The news of her selection spread quickly through social media, with congratulatory tweets that included “Here’s to glass ceilings being broken!” and “Wow, this is incredibly inspiring.”
Engelbert joined Deloitte after graduating from Lehigh and rose through the ranks there as an accountant. According to the firm, she has a distinguished track record of serving several of Deloitte’s largest and most complex global clients. In her new role, she oversees the company’s approximately 65,000 employees and nearly $15 billion in annual revenue.
Lehigh’s Mountaintop Campus was originally home to Bethlehem Steel’s Homer Research Laboratory. The laboratory’s buildings covered approximately 75 acres atop South Mountain and housed the Bethlehem Steel researchers studying physics and metallurgy, chemistry, ceramics, chemical engineering and industrial health.
In 1987, following the decline of the steel giant, Lehigh purchased five of the eight buildings and 742 acres of land from the company for $18.75 million. This purchase connected the Asa Packer and Goodman campuses and provided 370,000 new square feet of floor space.
Today, Mountaintop Campus houses the College of Education, the department of biological sciences, the department of chemical and biomolecular engineering, the Health Research Hub, the Energy Research Center, and the ATLSS (Advanced Technology for Large Structural Systems) Center.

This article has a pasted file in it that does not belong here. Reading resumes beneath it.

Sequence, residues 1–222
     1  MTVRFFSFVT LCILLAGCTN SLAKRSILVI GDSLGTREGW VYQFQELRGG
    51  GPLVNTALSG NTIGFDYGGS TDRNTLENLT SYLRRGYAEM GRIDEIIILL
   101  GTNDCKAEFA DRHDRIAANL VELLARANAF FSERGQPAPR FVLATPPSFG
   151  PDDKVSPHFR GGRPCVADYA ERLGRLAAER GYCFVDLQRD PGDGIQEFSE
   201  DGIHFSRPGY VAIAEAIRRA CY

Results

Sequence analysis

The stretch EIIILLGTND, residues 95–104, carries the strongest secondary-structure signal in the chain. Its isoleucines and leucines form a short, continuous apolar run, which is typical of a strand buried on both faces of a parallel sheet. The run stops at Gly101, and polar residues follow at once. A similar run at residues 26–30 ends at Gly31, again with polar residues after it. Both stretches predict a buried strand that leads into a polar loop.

In 2013, Lehigh acquired two additional buildings at Mountaintop and, thanks to a $20 million gift from Scott Belair ’69, launched the innovative and student-driven Mountaintop initiative.
The first student government body was founded at Lehigh in 1904. Known as Arcadia, it aimed to uphold the honor code and promote student activities. Representatives initially came from campus organizations and sports teams and later from fraternities and residence halls. Eventually, students came to feel that they were not being heard by administrators, and in 1970, the group disbanded.
Students protested to demand greater input in university activities and decision-making, and subsequently, the Forum was formed. At first, the body had equal representation from students and faculty. But in 1988, with enthusiasm lacking and the groups not coming together as intended, its members voted to split into faculty and student groups. The Student Senate was established to address student issues and to recognize and allocate funds to clubs.
Student Senate XXVIII was recently formed for the 2015-16 school year. It will continue to deal with diversity and inclusion, safety, transportation on campus and other topics.
One notable alum has a unique legacy: a 50,000-acre lake.
William Spencer Murray graduated from Lehigh in 1895 with a degree in electrical engineering. Murray began as an apprentice and rose up the ranks at the Westinghouse Electric plant in East Pittsburgh, Pa. Murray later served as chief engineer for the electrification of the New York, New Haven and Hartford Railroad. He held leadership positions at the Housatonic Power Co. in Connecticut and the Connecticut Light & Power Co.
In 1930, Murray and his business partner completed the construction of a dam on the Saluda River in South Carolina. The Saluda Dam, designed to provide flood control and supply hydroelectric power to the state, was the world’s largest earthen dam at the time.
The dam also created what was then the world’s largest man-made lake: Lake Murray, which continues to serve the region as a recreational attraction and source of hydroelectric power.